Run one update of a basic unscented (sigma point) Kalman filter. The advantage of a UKF over a traditional extended Kalman filter is that the UKF can be more accurate when the propagation/measurement functions are not zero-mean wrt the error (that is, they are significantly nonlinear in terms of their errors). Further, since a UKF doesn't require Jacobians, it's often easier to use a UKF than an EKF. The disadvantage is increased runtime. Though a UKF operates "on the order" of an EKF, in implementation it often takes several times longer.

```
[x_k, P_k, P_xc_k] = ukf( ...
t_km1, t_k, x_km1, P_km1, u_km1, z_k, ...
f, h, Q_km1, R_k, ...
alpha, beta, kappa, ...
P_cc, P_xc_km1, ...
(etc.))
```

t_km1 | Time at sample k-1 |
---|---|

t_k | Time at sample k |

x_km1 | State estimate at sample k-1 |

P_km1 | Estimate covariance at sample k-1 |

u_km1 | Input vector at sample k-1 |

z_k | Measurement at sample k |

f | Propagation function with interface:
where |

h | Measurement function with interface:
where |

Q_km1 | Pocess noise covariance at sample k-1 |

R_k | Measurement noise covariance at sample k |

alpha | Optional turning parameter, often 0.001 |

beta | Optional tuning parameter, with 2 being optimal for Gaussian estimation error |

kappa | Optional tuning parameter, often 3 - |

P_cc | Optional consider covariance (presumed constant) |

P_xc | Optional state-consider covariance at k-1 |

(etc.) | Additional arguments to be passed to |

x | Upated estimate at sample k |
---|---|

P | Updated estimate covariance at sample k |

P_xc | When using consider covariance (P_cc and P_xc), this is the updated covariance between the state and consider parameters at sample k. |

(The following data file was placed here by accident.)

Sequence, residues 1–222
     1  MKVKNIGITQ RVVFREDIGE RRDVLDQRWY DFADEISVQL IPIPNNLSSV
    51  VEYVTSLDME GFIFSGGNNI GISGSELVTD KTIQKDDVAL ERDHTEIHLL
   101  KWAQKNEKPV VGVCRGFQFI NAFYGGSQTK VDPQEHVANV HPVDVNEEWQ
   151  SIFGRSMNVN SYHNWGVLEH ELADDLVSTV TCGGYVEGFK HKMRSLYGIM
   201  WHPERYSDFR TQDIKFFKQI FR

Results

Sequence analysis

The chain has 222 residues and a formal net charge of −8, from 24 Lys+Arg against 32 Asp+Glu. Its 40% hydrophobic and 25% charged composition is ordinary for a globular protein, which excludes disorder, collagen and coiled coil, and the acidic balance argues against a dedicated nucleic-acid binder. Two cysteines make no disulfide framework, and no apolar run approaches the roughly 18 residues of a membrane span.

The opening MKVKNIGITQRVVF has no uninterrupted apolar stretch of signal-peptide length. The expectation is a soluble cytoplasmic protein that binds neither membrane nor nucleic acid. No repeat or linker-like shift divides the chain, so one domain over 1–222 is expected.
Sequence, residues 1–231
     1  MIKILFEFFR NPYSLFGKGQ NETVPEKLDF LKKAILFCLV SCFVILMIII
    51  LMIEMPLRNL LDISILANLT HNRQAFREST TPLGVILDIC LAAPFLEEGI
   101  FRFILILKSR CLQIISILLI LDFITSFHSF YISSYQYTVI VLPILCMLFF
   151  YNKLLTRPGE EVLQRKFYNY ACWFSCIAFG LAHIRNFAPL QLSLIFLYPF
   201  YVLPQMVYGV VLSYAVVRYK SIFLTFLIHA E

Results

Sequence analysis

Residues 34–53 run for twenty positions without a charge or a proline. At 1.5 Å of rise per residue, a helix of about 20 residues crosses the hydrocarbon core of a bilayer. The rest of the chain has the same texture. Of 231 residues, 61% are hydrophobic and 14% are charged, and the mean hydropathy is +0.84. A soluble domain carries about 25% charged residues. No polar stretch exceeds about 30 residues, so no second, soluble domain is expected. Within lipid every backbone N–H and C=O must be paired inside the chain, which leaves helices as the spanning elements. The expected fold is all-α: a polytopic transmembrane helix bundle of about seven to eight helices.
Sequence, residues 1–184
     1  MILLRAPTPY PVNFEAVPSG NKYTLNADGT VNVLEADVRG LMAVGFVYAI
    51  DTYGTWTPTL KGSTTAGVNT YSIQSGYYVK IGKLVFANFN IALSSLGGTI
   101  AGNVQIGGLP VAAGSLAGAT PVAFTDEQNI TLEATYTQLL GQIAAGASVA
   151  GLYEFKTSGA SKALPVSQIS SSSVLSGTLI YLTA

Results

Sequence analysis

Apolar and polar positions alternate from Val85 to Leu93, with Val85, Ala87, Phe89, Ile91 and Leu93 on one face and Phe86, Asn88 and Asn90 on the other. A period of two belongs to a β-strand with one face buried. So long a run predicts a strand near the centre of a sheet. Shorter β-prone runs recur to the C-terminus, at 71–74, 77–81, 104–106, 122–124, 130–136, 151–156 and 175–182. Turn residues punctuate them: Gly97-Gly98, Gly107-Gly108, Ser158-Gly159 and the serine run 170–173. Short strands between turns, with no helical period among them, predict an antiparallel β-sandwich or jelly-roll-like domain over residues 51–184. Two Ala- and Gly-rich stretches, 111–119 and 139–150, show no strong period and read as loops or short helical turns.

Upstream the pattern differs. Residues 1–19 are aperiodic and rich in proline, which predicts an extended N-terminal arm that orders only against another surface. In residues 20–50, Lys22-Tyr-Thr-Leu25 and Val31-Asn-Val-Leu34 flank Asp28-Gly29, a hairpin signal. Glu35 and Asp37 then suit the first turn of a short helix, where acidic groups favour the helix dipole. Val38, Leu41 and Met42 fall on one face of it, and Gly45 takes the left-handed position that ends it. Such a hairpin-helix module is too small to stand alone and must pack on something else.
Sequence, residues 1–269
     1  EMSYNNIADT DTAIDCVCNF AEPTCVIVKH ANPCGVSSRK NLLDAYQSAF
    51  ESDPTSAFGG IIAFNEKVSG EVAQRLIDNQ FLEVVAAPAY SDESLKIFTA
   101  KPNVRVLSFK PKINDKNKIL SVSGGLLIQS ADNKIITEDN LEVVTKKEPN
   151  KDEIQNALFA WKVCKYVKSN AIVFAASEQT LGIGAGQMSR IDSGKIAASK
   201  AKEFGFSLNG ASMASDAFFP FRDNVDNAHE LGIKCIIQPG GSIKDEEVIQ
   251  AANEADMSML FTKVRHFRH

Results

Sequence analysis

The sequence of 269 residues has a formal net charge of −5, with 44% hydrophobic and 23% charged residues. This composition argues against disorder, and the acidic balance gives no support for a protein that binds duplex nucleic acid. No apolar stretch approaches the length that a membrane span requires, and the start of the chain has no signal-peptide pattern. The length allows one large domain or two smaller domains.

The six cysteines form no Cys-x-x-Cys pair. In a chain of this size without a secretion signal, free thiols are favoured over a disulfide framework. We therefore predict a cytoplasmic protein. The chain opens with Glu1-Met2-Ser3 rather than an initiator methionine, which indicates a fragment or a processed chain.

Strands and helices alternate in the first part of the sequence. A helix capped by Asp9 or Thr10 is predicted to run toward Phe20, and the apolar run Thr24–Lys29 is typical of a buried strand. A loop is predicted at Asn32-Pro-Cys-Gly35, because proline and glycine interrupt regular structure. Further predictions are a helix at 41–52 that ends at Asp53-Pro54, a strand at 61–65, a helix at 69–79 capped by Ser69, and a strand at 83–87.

We can quickly create a simulation for discrete, dynamic system, generate noisy measurements of the system over time, and pass these to an unscented Kalman filter.

First, define the discrete system.

```
rng(1);
dt = 0.1; % Time step
F_km1 = expm([0 1; -1 0]*dt); % State transition matrix
G_km1 = [0.5*dt^2; dt]; % Process-noise-to-state map
Q_km1 = G_km1 * 0.5^2 * G_km1.'; % Process noise variance
R_k = 0.1; % Meas. noise covariance
```

Make propagation and observation functions. These are just linear for
this example, but `ukf`

is meant for nonlinear functions.

```
f = @(t0, tf, x, u, q) F_km1 * x + q;
h = @(t, x, u, r) x(1) + r;
```

Now, we'll define the simulation's time step and initial conditions. Note that we define the initial estimate and set the truth as a small error from the estimate (using the covariance).

```
n = 100; % Number of samples to simulate
x_hat_0 = [1; 0]; % Initial estimate
P = diag([0.5 1].^2); % Initial estimate covariance
x_0 = x_hat_0 + mnddraw(P, 1); % Initial true state
```

Now we'll just write a loop for the discrete simulation.

```
% Storage for time histories
x = [x_0, zeros(2, n-1)]; % True state
x_hat = [x_hat_0, zeros(2, n-1)]; % Estimate
z = [x_0(1) + mnddraw(R_k, 1), zeros(1, n-1)]; % Measurement
% Simulate each sample over time.
for k = 2:n
% Propagate the true state.
x(:, k) = F_km1 * x(:, k-1) + mnddraw(Q_km1, 1);
% Create the real measurement at sample k.
z(:, k) = x(1, k) + mnddraw(R_k, 1);
% Run the Kalman correction.
[x_hat(:,k), P] = ukf((k-1)*dt, k*dt, x_hat(:,k-1), P, [], z(:,k), ...
f, h, Q_km1, R_k);
end
```

Plot the results.

```
figure(1);
clf();
t = 0:dt:(n-1)*dt;
plot(t, x, ...
t, z, '.', ...
t, x_hat, '--');
legend('True x1', 'True x2', 'Meas.', 'Est. x1', 'Est. x2');
xlabel('Time');
```

Note how similar this example is to the example of `lkf`

.

Wan, Eric A. and Rudoph van der Merwe. "The Unscented Kalman Filter."
*Kalman Filtering and Neural Networks.* Ed. Simon Haykin. New York: John
Wiley & Sons, Inc., 2001. Print. Pages 221-276.

`*kf`

v1.0.3 January 18th, 2017

©2017 An Uncommon Lab